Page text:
70 MONITOR ON PSYCHOLOGY • DECEMBER 2013
Practice PERSPECTIVE ON
Tracking issues with
health insurance exchanges
BY DR. KATHERINE C. NORDAL • EXECUTIVE DIRECTOR FOR PROFESSIONAL PRACTICE
When health insurance exchanges went live on Oct. 1, the healthcare.gov
website drew five times more visitors than predicted. Like any major new
product, the site experienced glitches with its rollout, and implementation
will continue to be a work in progress. The exchanges are a centerpiece of the
Affordable Care Act, designed to provide coverage for uninsured Americans
beginning Jan. 1. They will bring mental health care access —
and access to mental health care at parity — to millions who
didn’t have it before.
While the exchanges are intended to improve Americans’
access to health care, there are issues related to their development
and implementation that will affect psychologists and other
health-care providers. For example, as part of our early advocacy
efforts to influence the process, the APA Practice Organization
(APAPO) is collaborating with the Connecticut Psychological
Association and the Inter Organizational Practice Committee to
address a situation that recently arose in that state.
Under one plan in Connecticut’s exchange, only physicians and
advanced practice registered nurses are reimbursed for neuropsychological assessment. Neuropsychologists — the predominant
providers of neuropsychological services — are excluded from reimbursement, a situation that could dramatically limit access to
neuropsychological services for that plan’s participants.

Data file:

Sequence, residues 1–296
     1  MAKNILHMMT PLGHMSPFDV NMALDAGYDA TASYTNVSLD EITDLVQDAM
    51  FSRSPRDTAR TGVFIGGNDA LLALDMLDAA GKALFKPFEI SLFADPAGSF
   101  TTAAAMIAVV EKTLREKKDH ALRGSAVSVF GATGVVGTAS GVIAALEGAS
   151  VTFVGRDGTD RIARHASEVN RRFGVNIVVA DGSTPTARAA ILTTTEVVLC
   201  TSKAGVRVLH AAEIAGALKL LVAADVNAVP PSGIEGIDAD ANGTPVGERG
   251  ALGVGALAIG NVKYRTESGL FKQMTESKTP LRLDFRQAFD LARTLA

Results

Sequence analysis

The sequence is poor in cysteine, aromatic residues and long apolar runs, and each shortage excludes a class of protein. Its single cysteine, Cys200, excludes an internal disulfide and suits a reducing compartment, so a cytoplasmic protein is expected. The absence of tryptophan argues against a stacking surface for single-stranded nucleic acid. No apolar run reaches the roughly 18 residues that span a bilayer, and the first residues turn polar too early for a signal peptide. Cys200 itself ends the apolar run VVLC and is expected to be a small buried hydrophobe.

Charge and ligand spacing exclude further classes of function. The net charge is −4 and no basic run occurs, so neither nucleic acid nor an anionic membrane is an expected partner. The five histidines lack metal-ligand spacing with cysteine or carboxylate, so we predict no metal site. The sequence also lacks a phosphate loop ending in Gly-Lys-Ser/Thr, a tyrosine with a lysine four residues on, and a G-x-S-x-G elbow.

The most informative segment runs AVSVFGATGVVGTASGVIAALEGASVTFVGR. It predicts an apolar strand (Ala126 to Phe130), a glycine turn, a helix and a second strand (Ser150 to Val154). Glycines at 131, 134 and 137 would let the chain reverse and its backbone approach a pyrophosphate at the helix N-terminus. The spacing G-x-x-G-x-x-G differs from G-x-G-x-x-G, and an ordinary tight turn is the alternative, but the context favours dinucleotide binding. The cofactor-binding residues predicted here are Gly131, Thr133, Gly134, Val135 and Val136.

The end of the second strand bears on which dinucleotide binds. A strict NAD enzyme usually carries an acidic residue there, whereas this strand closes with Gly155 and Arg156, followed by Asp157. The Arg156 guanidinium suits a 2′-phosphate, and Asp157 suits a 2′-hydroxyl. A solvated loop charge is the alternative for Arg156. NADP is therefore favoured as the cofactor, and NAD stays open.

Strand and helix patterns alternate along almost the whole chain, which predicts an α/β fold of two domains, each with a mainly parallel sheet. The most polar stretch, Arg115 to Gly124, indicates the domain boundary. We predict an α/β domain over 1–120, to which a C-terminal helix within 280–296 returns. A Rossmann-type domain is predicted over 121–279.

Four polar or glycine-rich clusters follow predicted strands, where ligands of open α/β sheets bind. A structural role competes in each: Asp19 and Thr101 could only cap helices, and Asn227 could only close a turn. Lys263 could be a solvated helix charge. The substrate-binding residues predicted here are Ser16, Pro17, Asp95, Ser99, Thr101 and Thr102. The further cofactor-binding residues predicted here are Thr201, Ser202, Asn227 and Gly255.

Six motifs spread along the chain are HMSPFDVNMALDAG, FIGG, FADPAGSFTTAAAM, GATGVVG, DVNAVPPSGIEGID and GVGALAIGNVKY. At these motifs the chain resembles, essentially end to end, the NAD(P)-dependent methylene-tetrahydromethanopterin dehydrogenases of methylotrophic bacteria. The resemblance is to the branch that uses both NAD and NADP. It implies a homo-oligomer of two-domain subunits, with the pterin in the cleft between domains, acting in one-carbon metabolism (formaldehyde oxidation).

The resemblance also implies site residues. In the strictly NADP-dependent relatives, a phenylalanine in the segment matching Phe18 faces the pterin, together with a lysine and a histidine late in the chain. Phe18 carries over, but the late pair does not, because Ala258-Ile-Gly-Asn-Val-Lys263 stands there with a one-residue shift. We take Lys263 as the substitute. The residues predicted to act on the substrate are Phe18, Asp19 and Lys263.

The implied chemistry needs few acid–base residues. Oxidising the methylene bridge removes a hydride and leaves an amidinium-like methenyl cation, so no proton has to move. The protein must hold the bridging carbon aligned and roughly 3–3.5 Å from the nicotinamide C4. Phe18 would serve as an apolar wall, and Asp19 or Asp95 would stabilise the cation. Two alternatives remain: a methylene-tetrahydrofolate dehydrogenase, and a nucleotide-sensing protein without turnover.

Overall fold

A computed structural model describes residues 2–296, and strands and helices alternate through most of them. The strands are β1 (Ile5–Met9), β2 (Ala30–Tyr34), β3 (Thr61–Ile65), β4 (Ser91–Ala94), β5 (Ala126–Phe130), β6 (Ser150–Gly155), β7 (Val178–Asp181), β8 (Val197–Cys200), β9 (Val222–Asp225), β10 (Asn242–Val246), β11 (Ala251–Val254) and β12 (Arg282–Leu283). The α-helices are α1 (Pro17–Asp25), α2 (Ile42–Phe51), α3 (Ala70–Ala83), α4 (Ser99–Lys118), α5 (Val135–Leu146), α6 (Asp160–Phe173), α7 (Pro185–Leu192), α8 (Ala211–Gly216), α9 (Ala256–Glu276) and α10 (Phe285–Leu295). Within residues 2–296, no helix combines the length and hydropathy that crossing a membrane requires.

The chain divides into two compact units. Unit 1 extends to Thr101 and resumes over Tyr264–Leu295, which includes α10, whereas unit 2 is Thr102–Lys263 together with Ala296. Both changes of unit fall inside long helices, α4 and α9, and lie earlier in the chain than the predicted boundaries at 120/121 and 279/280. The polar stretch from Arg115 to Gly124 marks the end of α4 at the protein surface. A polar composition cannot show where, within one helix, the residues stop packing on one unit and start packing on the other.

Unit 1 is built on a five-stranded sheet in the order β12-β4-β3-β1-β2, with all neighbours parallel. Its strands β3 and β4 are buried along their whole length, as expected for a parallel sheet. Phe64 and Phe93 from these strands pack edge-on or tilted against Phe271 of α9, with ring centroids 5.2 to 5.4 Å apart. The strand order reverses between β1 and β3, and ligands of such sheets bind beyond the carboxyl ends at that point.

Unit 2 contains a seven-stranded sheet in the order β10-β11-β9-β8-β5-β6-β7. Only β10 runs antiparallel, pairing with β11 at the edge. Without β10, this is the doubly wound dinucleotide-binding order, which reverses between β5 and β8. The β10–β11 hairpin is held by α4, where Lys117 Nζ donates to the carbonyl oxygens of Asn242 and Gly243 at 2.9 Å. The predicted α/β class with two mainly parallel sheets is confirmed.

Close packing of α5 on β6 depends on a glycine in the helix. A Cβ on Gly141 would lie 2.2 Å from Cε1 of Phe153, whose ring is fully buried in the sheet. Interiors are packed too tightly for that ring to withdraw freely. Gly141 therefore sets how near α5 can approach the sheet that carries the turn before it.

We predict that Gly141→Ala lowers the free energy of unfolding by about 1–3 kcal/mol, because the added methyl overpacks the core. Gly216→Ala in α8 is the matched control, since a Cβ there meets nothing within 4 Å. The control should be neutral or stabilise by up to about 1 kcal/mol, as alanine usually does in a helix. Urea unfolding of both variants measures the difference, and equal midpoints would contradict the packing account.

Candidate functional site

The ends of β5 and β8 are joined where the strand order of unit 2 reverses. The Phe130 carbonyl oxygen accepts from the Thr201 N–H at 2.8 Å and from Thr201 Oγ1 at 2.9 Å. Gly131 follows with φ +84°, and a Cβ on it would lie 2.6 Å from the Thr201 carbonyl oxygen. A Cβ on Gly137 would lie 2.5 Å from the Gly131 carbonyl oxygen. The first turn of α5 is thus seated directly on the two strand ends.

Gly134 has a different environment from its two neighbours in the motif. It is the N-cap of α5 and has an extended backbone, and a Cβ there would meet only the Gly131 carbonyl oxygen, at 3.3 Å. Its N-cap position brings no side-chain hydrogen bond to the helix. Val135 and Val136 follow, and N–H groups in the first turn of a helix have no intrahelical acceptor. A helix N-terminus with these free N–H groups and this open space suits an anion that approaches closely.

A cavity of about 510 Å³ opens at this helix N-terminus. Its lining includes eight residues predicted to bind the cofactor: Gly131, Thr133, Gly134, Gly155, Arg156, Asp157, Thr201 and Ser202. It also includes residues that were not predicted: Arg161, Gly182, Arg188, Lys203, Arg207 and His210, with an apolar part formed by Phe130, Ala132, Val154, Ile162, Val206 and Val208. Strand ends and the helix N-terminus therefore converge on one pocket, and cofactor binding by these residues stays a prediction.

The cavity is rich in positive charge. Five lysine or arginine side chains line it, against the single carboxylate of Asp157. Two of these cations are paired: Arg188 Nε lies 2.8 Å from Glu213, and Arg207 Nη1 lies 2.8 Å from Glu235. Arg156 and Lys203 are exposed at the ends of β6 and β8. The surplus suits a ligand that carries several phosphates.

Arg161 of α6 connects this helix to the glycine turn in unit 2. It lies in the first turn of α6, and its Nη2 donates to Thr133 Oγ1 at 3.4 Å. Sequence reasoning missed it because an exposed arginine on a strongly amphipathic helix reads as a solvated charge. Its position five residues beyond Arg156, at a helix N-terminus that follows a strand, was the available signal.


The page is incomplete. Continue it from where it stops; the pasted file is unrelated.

We are also concerned by some health plans’ narrow
networks. All health plans offered through the exchanges must
be certified by federally recognized accreditors as qualified
health plans, or QHPs. To be accredited as QHPs, plans must
meet certain criteria as defined by the Department of Health
and Human Services.
Companies that seek certification as QHPs must
demonstrate that their plan maintains a network with a
sufficient number and type of health-care providers, including
those providers specializing in mental health and substance
abuse services. This is to ensure that the plan offers benefits
under all 10 identified essential health benefits categories, one
of which is mental health and substance use services. However,
the Affordable Care Act does not specify what providers, or how
many, must be included in a provider network.
Insurers seem to be building narrower networks with fewer
providers than are typically found in commercial health plan
provider networks. It remains to be seen whether these smaller
networks, which may have a limited number of psychologists,
will satisfy the Affordable Care Act’s network adequacy criterion.
What does this mean for you? Psychologists should research
plans offered through the exchange in their states to determine
if they are in-network for any of those plans. It is also important
to understand how your state defines the scope of mental health
and substance abuse services and to regularly check and review
your patients’ coverage.
Most states have been working with local stakeholders to
design and implement the health insurance exchanges. You can
check with your state psychological association to find out how
it is involved in your state’s exchange implementation process.
Also, if you know of issues or concerns for practicing
psychologists regarding participation in the exchanges or QHP
payment policies, contact APAPO and your state psychological
association. To report an issue to APAPO, email the Office of Legal
and Regulatory Affairs at email@example.com or call (202) 336-5886.
For more information about health insurance exchanges,
read the four-part series on APAPO’s Practice Central website
Also look for the article “Health Insurance Exchanges: An
Overview for Psychologists” in the fall 2013 issue of Good
Practice magazine, available to APAPO members online at
Psychologists are advised to understand how
your state defines the scope of mental health
and substance abuse services and to regularly
check and review your patients’ coverage.